By Josh Keller
The Apollo Group, which runs the University of Phoenix, announced on Tuesday that it plans to pay $75-million to purchase Carnegie Learning, which develops interactive math instruction that adapts to the needs of individual students.
The purchase is a major endorsement of the prospects for adaptive learning by the operator of the nation’s largest for-profit college, where officials believe that personalizing instruction will help improve retention and graduation rates.
Carnegie Learning’s software, Cognitive Tutor, continually assesses students’ understanding of math concepts and customizes lessons to their strengths and weaknesses. The company was formed in 1998 by researchers at Carnegie Mellon University.
Apollo also agreed to pay Carnegie Mellon $21.5-million over 10 years to acquire technology associated with the company.
Carnegie Learning has primarily sold its instructional materials to middle schools and high schools and only entered the higher education market in 2007. The company says its software is used by 600,000 students in grades 6 through 12.
But at a time when many college students need basic-level math skills, much of the company’s expertise is relevant for the college market. Apollo was attracted to Carnegie Learning’s decade-long expertise in developing adaptive-learning systems and its deep well of learning content, said Mike White, its chief technology officer.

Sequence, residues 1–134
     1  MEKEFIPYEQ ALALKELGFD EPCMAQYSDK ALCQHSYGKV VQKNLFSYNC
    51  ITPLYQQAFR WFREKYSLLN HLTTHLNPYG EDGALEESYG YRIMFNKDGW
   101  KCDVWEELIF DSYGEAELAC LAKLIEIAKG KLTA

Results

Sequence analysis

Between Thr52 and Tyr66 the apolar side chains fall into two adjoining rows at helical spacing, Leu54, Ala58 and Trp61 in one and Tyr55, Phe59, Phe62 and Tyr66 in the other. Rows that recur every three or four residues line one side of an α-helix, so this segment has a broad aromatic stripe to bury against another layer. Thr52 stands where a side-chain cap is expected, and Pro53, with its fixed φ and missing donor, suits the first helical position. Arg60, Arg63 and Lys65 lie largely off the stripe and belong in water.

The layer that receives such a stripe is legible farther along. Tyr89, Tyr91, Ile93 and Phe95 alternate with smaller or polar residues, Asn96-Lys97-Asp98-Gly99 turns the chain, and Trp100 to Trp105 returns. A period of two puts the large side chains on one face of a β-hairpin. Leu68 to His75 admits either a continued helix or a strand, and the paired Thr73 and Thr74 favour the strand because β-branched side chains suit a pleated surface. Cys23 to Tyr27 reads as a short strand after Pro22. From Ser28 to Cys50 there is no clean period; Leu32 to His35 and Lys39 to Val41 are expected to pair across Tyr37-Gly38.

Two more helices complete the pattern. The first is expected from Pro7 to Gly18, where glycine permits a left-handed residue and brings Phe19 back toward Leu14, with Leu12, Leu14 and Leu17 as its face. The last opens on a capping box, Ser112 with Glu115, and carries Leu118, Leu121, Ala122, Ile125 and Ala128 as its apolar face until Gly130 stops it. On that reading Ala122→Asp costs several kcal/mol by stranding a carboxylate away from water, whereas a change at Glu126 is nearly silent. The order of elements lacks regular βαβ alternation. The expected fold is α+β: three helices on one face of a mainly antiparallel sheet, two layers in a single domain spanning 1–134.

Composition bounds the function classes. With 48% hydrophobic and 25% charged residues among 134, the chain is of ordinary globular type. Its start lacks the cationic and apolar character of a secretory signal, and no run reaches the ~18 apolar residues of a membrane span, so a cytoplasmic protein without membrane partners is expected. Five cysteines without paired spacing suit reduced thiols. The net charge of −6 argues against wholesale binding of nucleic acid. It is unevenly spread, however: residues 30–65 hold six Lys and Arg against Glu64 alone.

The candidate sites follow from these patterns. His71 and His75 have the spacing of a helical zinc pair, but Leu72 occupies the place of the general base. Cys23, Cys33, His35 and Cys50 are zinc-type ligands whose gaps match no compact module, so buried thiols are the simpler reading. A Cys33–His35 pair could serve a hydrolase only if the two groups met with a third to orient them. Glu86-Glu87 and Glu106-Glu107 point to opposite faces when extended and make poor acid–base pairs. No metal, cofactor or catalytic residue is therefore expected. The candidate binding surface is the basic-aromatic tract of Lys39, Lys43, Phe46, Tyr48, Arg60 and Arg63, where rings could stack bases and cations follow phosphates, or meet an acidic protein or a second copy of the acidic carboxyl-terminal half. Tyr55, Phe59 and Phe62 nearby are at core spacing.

“We loved the ability the technology provided with remediation,” Mr. White said. “If a student is working on a concept they might need to brush up on, say, addition, they can get that brush-up.”
Carnegie Learning’s technology and team are set to become a key part of Apollo’s expansive effort to rebuild its learning platform to personalize instruction. The company has hired tech-industry heavyweights from Yahoo, including Mr. White, and installed a team of more than 100 people to work on the project.
“We see adaptive learning as the future,” Mr. White said. “It is about individual learning outcomes.”
The deal is expected to close in the first quarter of next year, and Mr. White said Apollo will incorporate Carnegie’s technology later that year. In a press release, Apollo said that due to its focus on higher education, it plans to explore “strategic alternatives” with respect to the Carnegie’s K-12 business. Read the article at the Chronicle of Higher Education